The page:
La Bohème is basically a love story with beautiful music, and the characters in the story are people who are very easy to relate with: four poor, starving, and cold student-like guys, living life to the fullest. I’m sure we’ve all been there. Yes, it’s a story with a sad ending, but at the same time I believe La Bohème is a story that reminds of us young love (and, sadly, young death). It’s very relatable in the sense that everything can be perfect, and then boom! Something happens, life happens. La Bohème is a story of real life set to the amazing music of one of opera’s most wonderful composers. In my opinion, it’s a perfect combination.

Michael Todd Simpson (Marcello), Elizabeth Caballero (Mimì), Francesco Demuro (Rodolfo), Andrew Garland (Schaunard), and Arthur Woodley (Colline) in Seattle Opera's current production of La Bohème.
Photo by Elise Bakketun

You mentioned the lively characters in this opera, and it’s true: La Bohème is a great ensemble opera. Have you worked with members of this cast before?
I have worked with Michael Todd Simpson (Marcello) before. I was his Donna Elvira to his first Don Giovanni. It was a great show, and a big success for him. I'm happy to hear he's sung a few more Dons after that one. I've also worked before with Arthur Woodley (Colline). He was Bartolo in Le nozze di Figaro when I was last here in Seattle. It's so nice to sing with him again—such a fine man and a beautiful singer. I sang my first Traviata with Michael Fabiano (the Sunday/Friday Rodolfo) a few years ago. Although I don't get to sing with him this time around, it's always such a joy to hear him. Jennifer Black is his Mimì, and we go way back. We were in the Merola Opera Program together several years ago, and we trained together in the summer program for the San Francisco Opera. We actually sang La Bohème together: I sang my first Mimì while she sang her first Musetta. It's been so wonderful to hear her again. While we don't share the stage together this time around, I feel lucky to hear her beautiful Mimì. I worked with Tomer Zvulun, our director, at the Met and I've loved working with him again. He's very smart, witty, patient, and knows how to get the job done. As for my other colleagues in this cast, I've never worked with them before; I just know of them or have heard them in other shows. But it's been a true joy bringing this Bohème to life with each and every one of them.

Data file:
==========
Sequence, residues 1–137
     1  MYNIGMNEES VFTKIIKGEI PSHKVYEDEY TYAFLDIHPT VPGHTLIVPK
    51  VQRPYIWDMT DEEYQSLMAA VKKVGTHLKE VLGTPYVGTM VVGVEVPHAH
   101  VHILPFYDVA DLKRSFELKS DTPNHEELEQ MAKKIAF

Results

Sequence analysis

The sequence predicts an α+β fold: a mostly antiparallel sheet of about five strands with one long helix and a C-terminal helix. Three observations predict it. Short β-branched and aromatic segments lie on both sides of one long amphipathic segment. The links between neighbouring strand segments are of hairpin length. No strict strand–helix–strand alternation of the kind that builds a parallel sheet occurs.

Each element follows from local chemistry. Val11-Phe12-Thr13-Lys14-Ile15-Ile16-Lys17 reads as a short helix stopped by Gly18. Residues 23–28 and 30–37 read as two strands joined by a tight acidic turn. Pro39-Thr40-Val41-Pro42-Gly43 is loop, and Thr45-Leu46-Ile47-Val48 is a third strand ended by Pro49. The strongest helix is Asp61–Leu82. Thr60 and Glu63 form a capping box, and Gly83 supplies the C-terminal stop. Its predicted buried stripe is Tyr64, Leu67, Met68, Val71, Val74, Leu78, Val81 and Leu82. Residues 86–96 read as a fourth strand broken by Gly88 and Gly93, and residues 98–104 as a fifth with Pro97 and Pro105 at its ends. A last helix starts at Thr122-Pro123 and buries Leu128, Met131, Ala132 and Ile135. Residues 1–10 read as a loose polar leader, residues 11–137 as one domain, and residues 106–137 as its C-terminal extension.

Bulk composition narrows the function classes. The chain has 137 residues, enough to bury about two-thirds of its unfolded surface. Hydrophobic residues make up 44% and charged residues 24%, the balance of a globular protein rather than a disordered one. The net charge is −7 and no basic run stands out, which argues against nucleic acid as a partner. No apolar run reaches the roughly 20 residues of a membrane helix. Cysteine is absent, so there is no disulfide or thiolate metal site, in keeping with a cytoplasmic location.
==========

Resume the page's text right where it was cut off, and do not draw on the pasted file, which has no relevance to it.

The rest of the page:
Do you have a favorite moment in La Bohème?
My favorite act to sing and watch is Act 3. I love singing the duet with Marcello, and then the aria to Rodolfo, followed by a perfect duet that turns into a quartet and back to a duet. It's funny because I've also performed many Musettas, so during that quartet I have to stay very focused on Mimì because it is very easy to want to sing Musetta's lines in the quartet! Especially because she's arguing with Marcello there and it's very hot and flashy. While I love to sing Mimì, Musetta is a lot of fun and I love that I can sing both girls.

Elizabeth Caballero (Mimì) and Francesco Demuro (Rodolfo) in Seattle Opera's current production of La Bohème.
Photo by Elise Bakketun

What’s next for you, once you leave Seattle?
I have lots of “firsts” coming up for me. After Seattle, I go to Madison Opera to sing my first Donna Anna in Don Giovanni. I’ve sung many Don Elviras, but this will be my first crack at Anna. I later go to Santo Domingo to sing a Spanish version of The Merry Widow—or La Viuda Alegre in Spanish. I love to sing in Spanish, since it’s my first language, and this will be my first Widow. Soon after that, I go to Virginia Opera to sing my first Alice in Falstaff, I have a Traviata at Florentine Opera, and then I go to Rio di Janeiro to sing my first Anna Trulove in The Rake’s Progress. I finish next season with my first Carmina Burana and Nedda in Pagliacci as a double-bill at Hawaii Opera Theater. I’ve sung Nedda before, but I’ve never been to Hawaii, so I’m really looking forward to it. So, yeah, I’ve got my work cut out for me, finishing off this season and next!